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How much break time do massage therapists need between clients to avoid burnout?

by Samantha Jenkins July 14, 2019

Pretty young blonde woman having a massage from a female massage therapist

When running your own massage therapy business it can be tempting to you over schedule yourself in attempts to please clients and to make hay whilst the sun shines.


However back to back massages will take their toll on your body and your wellbeing.


AND be under no illusion ..... your clients will be able to tell!  

 

Which in turn can lead to more work and more stress when you are trying to repair a bad reputation. 


So how much time should you allow for breaks without your schedule turning into a massage marathon?


There is much debate so we took a range of responses to try and come up with a solution! 

  

Facebook post from Brian Wah about delivering treatments back to back

 

 

A big thanks to Brian for sharing this story. I must admit this sounds like a pretty stressful environment both for the therapist and the client! This conveyor belt system might work for franchises but for independent massage therapists not having the time to connect with clients can't be good for business. Also working so relentlessly can only lead to some serious aches and eventually a big case of burnout. 

 

 Facebook post from Danielle Hall about sneaking in short breaks between massages

 

Similarly, it is far from ideal to have to rush around, feeling unable to take a bathroom break and tearing around to prepare the room! Clients will no doubt pick up on this hectic energy and it will no doubt leave massage therapists feeling burnt out sooner! 

 

Facebook post from Jackie James about 15 minute breaks between massage treatments being just enough time to clean the room

 

Jackie raises another valid point, opting for 15 minutes realistically gives you little time to change towels, reset your music or refill an aromatherapy diffuser before your next client is knocking on the door! 

 

Facebook post from Bethany Stanley about taking a half an hour break between massages

 

There is nothing worse than rushing a client out the door and neglecting to take the time to book them in for their next appointment whilst they are feeling the benefits of your work!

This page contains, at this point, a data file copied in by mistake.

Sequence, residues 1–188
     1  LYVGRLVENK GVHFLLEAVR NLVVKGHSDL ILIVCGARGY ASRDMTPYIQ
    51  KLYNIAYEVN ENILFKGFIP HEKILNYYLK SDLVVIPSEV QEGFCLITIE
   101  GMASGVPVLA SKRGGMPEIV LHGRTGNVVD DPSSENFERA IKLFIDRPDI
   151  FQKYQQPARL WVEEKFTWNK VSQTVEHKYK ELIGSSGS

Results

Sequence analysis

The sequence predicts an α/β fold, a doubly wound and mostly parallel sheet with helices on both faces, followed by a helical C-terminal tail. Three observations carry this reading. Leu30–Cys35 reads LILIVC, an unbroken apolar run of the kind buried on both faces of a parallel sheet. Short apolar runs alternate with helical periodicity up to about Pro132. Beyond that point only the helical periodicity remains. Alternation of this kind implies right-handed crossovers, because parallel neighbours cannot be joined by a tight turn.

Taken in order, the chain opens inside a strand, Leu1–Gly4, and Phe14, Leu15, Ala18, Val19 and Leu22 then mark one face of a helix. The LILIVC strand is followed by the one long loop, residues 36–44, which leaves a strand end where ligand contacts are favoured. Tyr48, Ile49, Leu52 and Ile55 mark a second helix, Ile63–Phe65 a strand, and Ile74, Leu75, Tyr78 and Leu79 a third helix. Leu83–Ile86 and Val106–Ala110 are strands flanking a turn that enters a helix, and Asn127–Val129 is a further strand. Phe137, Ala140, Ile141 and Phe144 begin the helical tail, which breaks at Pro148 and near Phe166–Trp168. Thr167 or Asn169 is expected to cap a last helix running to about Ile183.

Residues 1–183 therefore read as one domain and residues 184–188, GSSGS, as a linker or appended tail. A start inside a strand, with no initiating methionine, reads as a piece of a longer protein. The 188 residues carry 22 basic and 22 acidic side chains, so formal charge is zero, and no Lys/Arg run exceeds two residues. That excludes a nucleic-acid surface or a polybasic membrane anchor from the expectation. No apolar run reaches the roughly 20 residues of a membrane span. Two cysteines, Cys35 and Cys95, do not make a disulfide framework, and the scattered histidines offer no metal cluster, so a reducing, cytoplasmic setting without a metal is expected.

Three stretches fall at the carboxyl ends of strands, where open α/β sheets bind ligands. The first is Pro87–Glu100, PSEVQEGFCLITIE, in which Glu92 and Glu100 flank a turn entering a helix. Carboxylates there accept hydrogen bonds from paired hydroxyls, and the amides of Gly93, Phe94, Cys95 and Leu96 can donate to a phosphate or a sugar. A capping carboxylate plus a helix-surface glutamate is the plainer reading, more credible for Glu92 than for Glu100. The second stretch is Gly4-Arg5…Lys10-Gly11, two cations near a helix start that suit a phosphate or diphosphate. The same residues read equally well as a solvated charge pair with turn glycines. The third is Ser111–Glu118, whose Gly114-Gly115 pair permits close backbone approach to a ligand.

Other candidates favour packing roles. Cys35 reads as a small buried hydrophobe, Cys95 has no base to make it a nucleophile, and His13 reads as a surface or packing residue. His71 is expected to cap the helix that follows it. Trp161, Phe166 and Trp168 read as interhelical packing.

It is definitely worth factoring in a buffer for clients arriving early and for the previous client to reschedule, especially if you don't have the benefit of a receptionist to handle this part of the process. That being said leaving too long an amount of time and you could be tempted to chat and chat.... 

 

 

Facebook post from Amarah Parks about leaving an hour free between treatments

 

Amarah has time to take lovely long breaks meaning clients feel completely pampered with a tailor-made treatment and she can continue into her next appointment stress-free. Whilst this is valuable in the right doses it may be difficult for other therapists to replicate especially if they have children or other commitments or for those of us who could fall into the trap of clients crossing emotional boundaries by oversharing details of their personal lives.  

 

Most massage therapists try to cap themselves to delivering 5 massage treatments a day. This enables therapists to deliver amazing treatments without compromising on their self-care. You shouldn't be afraid to take this slower pace, in fact, it will benefit your massage therapy business long term as you avoid burn out. If you need to earn more money you can always charge more by finding yourself a niche and promoting yourself as a specialist! 

 

After baring this in mind and looking at all the responses, we felt that a 40-minute break was a good amount of time to rest between massage treatments. 

 

Breakdown of how Massage Warehouse would recommend massage therapists use their breaks

 

Working on this system a massage therapist could start around 9 am, deliver 5 treatments with time for 1 hour and 20 minutes for lunch and still finish before 6pm in time to spend quality time with family and friends or veg out in front of the TV!

 

As you can see rather than recommending using the 40 minutes for other tasks like marketing or chasing up clients we have suggested using this time to fully recuperate between appointments. If you need to chase clients, make calls or tend to your social media, put aside 15 minutes during lunch to do these tasks. That way you still have time to eat, rest and disconnect throughout the day and more importantly between clients your are taking the time to practice some self-care!